Simple RAM (First Post)

Discussion in 'General Electronics Chat' started by james88, Aug 7, 2013.

  1. james88

    Thread Starter New Member

    Aug 7, 2013
    Hi All,

    As this is my first post, I feel I should follow the correct etiquette and introduce myself.

    I won't bore you all too much. My names James, I'm now 25 years old. I'm trying to teach myself as much as possible about electronics (both analog and digital), however, I'm afraid I'm another noob!

    So, my first question is....

    I've recently been experimenting with NAND gates and putting together simple bits, finally making a byte. My problem is, is that to make anything larger than a few bytes will be a nightmare with time and money. So is it possible to purchase a very simple alternative? I'm talking KB's simple just so I can continue with simple digital computing?

    (I know this maybe a proper-noob like question, so apologies in advance).

  2. odinhg

    Active Member

    Jul 22, 2009
  3. Shagas

    Active Member

    May 13, 2013
    You could try simple JK flipflop Ic's . You can get 4 to an IC , thats 4 bits there and they should only be 30cents or so for each .

    How would someone go about using such an IC?
    With a MCU I presume?
  4. panic mode

    Senior Member

    Oct 10, 2011
    you could do yourself a favour and simply use platform that makes life easier (MCU, CPLD, FPGA...)
  5. WBahn


    Mar 31, 2012
    A lot of it depends on what you goal is. If you are trying to make things that do things, you go a very different route than if you are trying to make things to learn how things are made and how they work.

    If the latter is your goal, then I would recommend making a staged progression. Start with NAND gates. Or let's step back and start at an even more primitive level with transistors or even relays and make some of the primitive gates using them -- but only make a few and prove to yourself that you can actually make functioning gates that can be driven by and, in turn, drive other gates. After that, move to primitive gates as embodied by 40xx or 74xx series logic chips. Use those to make the next higher set of logic building blocks. First, make any primitive gates that you didn't make with the transistors or relays -- so if you didn't make an XOR gate that way, do it now with NAND gates or something else you did make. The idea is that at each level you are restricted to building blocks that you have actually implemented at some lower level. So now you move on to things like a 2:1 mux, a half adder, a full adder, a latch, a flip-flop, a 1-bit register and perhaps make some of them 4-bits wide or perhaps even 8. Now you step up a level and can use chips that perform these functions and build counters and ALUs and memory files. Now you can step up and build a simple processor. And so forth and so on.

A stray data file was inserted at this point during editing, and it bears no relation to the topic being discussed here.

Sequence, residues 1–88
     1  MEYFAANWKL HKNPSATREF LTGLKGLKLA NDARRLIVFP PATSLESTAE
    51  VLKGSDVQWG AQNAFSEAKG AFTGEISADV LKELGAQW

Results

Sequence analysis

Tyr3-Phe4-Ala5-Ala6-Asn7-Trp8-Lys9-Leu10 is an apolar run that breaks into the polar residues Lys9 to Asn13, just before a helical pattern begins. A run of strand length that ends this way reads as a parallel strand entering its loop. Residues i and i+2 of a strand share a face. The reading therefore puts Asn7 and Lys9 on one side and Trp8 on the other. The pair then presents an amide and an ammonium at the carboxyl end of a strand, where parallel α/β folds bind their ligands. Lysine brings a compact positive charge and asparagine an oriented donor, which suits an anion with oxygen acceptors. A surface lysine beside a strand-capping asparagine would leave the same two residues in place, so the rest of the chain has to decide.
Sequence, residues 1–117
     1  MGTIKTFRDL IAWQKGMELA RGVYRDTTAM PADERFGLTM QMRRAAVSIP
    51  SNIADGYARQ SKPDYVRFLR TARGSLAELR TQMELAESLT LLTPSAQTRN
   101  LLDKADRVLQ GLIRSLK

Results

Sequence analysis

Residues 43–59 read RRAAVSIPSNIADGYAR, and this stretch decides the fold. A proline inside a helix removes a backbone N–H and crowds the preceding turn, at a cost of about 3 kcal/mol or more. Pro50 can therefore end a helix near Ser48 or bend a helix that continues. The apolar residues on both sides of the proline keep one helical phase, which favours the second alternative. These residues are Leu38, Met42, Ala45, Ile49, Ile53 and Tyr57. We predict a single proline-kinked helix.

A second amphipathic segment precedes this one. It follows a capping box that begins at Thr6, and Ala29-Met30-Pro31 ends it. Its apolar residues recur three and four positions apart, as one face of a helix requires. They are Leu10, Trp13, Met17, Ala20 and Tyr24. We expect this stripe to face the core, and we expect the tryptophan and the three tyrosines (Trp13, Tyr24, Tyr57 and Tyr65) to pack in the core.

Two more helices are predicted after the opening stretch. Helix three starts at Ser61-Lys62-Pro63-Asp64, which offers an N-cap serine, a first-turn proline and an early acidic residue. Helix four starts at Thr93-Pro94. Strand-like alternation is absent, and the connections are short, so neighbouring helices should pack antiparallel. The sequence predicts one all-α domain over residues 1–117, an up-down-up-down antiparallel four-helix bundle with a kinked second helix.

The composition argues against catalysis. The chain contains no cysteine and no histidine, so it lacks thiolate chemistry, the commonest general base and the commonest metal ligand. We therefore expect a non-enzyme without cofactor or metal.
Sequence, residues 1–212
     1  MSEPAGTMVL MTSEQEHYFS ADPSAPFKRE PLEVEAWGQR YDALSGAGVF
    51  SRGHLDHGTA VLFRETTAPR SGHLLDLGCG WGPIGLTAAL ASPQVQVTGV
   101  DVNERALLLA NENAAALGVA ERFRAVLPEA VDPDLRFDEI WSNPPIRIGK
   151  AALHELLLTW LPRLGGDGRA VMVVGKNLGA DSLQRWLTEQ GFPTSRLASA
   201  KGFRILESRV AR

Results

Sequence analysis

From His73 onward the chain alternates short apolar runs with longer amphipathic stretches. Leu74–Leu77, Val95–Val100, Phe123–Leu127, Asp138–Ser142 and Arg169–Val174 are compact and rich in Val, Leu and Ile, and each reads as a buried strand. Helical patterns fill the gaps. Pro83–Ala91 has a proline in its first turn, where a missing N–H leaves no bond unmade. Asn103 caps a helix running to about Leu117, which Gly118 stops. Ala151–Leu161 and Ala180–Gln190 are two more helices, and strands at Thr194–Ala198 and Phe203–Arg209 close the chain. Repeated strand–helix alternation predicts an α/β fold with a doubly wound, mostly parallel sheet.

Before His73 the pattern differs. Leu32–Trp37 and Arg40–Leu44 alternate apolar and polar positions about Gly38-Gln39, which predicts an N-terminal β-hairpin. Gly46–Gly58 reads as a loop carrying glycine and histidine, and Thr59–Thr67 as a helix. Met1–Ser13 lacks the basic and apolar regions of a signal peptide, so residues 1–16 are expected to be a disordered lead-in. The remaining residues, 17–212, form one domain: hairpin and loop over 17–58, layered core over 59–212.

At some point in this process it would be reasonable to make the jump to using a microcontroller and/or an FPGA. The FPGA, in particular, will let you continue doing digital designs of increasingly complex systems without costing you any additional money (until you have to step up to a larger FPGA).